The Herbal Apothecary F-N

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Herbs can be overwhelming. Here is some more information for you from our pharmacopeia. False Unicorn (Chamaelirium luteum) As a diuretic, cerebrospinal trophorestorative and a reproductive tonic for both sexes, False Unicorn was traditionally given for heaviness and congestion in the pelvis with the sensation that the pelvic organs are falling out. The patient feels lumbar pain, pain down the thighs and the back of the legs, restlessness and general weakness. The patient often has a history of hemorrhoids, varicose veins of the legs and labial varicosities. False unicorn is indicated in atonic conditions such as uterine or bladder atrophy or prolapse, vaginal laxity and passive hemorrhage and menorrhagia. It is also used with dysmenorrhea due to atonicity, and habitual miscarriages due to an incompetent cervix.

Feverfew (Tanacetum parthenium) This is an herb with a long traditional use, although its most noteworthy application is as a migraine remedy. Its name comes from the latin which meant to drive away a fever, which was its common use in that time. It has an antisecretory action which inhibits platelet aggregation and an antiinflammatory action by inhibiting prostaglandin biosynthesis and arachidonic acid products. So it really is the perfect treatment for migraine and tension headaches, although it is still used for fevers, colds, atonic dyspepsia and worm infestation.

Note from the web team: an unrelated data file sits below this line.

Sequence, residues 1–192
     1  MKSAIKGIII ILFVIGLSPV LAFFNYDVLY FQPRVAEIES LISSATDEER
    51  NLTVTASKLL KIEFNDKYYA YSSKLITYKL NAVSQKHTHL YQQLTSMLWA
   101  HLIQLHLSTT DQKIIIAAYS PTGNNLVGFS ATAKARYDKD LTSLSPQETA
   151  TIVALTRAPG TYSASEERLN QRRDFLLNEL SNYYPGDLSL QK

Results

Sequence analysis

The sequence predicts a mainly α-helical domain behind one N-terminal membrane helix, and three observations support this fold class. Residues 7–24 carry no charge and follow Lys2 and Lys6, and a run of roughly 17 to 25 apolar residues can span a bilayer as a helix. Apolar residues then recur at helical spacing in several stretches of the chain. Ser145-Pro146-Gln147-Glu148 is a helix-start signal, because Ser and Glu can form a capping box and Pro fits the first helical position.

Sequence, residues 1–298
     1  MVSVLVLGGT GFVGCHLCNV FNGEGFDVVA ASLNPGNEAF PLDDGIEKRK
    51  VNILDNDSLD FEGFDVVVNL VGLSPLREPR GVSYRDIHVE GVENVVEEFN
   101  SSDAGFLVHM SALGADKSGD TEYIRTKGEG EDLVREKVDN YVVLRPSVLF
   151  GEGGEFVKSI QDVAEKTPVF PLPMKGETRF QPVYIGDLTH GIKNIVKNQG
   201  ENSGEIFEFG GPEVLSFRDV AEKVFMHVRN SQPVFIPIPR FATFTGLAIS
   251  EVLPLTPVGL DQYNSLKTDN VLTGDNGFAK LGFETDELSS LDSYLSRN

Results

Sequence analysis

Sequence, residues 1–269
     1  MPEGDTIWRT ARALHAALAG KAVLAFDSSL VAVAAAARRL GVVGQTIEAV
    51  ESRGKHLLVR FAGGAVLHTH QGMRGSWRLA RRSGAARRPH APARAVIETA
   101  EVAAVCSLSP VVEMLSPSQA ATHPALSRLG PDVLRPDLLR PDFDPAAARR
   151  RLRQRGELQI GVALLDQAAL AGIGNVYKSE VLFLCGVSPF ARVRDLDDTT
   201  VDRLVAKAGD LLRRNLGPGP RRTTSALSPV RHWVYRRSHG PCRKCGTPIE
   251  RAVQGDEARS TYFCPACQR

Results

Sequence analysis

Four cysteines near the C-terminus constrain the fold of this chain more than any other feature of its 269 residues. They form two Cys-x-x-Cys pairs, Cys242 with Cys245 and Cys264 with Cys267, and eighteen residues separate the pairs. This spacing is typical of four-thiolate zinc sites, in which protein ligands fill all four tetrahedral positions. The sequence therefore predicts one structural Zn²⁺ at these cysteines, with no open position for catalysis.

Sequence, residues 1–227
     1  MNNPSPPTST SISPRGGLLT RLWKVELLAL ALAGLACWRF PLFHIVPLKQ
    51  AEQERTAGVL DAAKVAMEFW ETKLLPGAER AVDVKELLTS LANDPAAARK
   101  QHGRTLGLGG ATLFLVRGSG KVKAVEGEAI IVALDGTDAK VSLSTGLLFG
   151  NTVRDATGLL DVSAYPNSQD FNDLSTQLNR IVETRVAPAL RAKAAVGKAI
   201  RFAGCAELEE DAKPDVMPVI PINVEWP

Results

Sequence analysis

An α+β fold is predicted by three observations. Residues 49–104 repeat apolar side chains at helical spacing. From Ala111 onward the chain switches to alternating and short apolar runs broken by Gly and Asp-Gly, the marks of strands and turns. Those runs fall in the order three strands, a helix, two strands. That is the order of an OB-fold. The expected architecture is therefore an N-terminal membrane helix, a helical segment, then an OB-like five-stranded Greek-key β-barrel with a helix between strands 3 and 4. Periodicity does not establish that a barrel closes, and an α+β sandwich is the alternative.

Fringe Tree (Chionanthus virginicus) Fringe tree acts on the digestive organs, urinary tract and venous system to relieve congestion. It is indicated for sluggish liver, gallstones if there is no blockage, pancreatic inactivity and chronic disease of the liver and spleen. It is an excellent remedy for jaundice when it is not due to a blockage. Specific indications are dirty, sallow skin with expressionless eyes, hepatic tenderness, nausea and vomiting, jaundice with itching skin, thin light-colored stools or constipation with dry feces. It is to be considered with pain under the right scapula, general lethargy and ailments induced by changes of the weather.